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AARP The Magazine, March 6, 2008
If your midlife marriage seems like a battleground, Maggie Scarf has some advice: just wait. If you gut it out till retirement approaches, the likelihood is that things will improve. The children will leave, depression will lift, job woes vanish. And, while there is no guarantee, seemingly intractable marital conflicts may well fade away or resolve.
This is the optimistic news Scarf brings us in September Songs: The Good News About Marriage in the Later Years, her follow-up to the bestselling Intimate Partners: Patterns in Love and Marriage (update published in September 2008). Scarf bases her observations on interviews with about 75 pseudonymous subjects, ages 50 to 75, as well as research indicating that older people tend to live more in the present and have more stable emotions.
Take the case of the McBrides. Wife Lynn, having felt chronically unappreciated, tells Scarf that she used to assume that when her children grew up, she would leave her troubled marriage. But when husband Carl overcame his depression and finally dealt with a legacy of childhood sexual abuse, his involvement with Lynn deepened. As a result, her longtime anger ebbed. “It was time that had allowed for this profound transformation in the couple’s relationship,” Scarf writes.
Another couple, Jackie and Steve Winston, are still struggling with the aftermath of his attack of a rare disorder called transient global amnesia. And their transition to an active-adult community where nearly everyone else is retired hasn’t been easy. But their marriage has improved, in part because Steve has adjusted to Jackie’s perfectionism. “I don’t take something Jackie says as viscerally as I used to—whereas before I heard it as an assault on my character or some terrible defect of my being,” he tells Scarf.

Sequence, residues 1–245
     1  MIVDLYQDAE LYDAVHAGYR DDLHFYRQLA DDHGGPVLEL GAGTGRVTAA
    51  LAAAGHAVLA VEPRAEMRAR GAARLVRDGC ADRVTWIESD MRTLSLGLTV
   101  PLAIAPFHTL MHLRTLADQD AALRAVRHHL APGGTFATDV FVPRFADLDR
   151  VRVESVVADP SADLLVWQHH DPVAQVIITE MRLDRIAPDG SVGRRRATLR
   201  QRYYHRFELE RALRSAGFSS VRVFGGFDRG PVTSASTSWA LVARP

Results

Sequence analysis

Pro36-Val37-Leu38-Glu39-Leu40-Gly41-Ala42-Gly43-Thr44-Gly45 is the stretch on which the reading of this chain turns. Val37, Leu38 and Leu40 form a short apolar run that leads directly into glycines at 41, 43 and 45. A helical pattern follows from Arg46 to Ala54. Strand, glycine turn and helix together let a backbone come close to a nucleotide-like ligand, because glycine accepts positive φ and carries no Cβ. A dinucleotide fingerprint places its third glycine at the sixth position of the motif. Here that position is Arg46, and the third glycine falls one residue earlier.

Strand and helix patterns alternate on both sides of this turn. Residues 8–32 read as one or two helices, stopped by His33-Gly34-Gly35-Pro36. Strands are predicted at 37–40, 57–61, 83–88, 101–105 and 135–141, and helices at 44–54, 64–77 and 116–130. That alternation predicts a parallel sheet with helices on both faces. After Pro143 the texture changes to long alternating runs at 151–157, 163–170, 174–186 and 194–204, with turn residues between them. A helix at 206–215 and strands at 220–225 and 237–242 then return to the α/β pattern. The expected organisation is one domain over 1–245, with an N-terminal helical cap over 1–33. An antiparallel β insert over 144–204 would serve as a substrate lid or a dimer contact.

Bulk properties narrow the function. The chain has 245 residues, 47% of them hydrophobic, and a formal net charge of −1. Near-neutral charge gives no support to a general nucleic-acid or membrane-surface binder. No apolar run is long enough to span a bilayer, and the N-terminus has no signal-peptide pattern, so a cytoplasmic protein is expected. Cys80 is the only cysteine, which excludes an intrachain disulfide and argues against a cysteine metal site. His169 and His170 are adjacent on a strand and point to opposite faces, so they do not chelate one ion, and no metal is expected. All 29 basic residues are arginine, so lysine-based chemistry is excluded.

While Scarf’s firsthand evidence is anecdotal, she supports her conclusion—that many marriages sweeten over time—with research from Stanford University’s Life-span Development Laboratory and elsewhere. “Older adults tend to live in the moment, and this appears to increase their satisfaction and well-being,” she writes. “It is this sense of time as a precious, diminishing resource that…lies at the source of the contentment, pleasure and satisfaction I encountered in so many of the over-50 partners I interviewed,” she says.
September Songs can be a slog at times, marred by leaden prose, repetition, and digressions on such topics as the decline of traditional pension plans. Scarf’s assertion that we are now living a full three decades longer than a century ago is also somewhat misleading. In fact, as Scarf herself seems to hint at one point, the 30-year rise in average life expectancy in the West is, in large part, the result of a huge reduction in child mortality.
Statistical anomalies aside, Scarf reports credibly that emotional intimacy and mutual tolerance in long-term marriages tend to rise. Something else, though, may not: most of Scarf’s couples report a marked lessening of sexual activity. In the interviews, they express little dismay on the subject and generally disdain the use of Viagra and its pharmaceutical cousins. (One wonders, given how profitable these drugs have been, if these interviewees are really typical.)
An otherwise harmonious couple, Jean and Ned Donaldson (ages 58 and 66, respectively), with fading desires for sexual intercourse, consider cuddling a great substitute. If sex is “hopping into bed and curling tightly next to each other, so close that you are almost melted into one body,” says Ned, “then we have lots of sex.” Even without youthful passion, Scarf concludes, “The Donaldsons were at peace, and in a place that was deeply satisfying to both of them.”
Julia M. Klein is a Philadelphia-based cultural reporter and critic and a contributing editor at Columbia Journalism Review. Read her review of Assisted Loving: True Tales of Double Dating with My Dad
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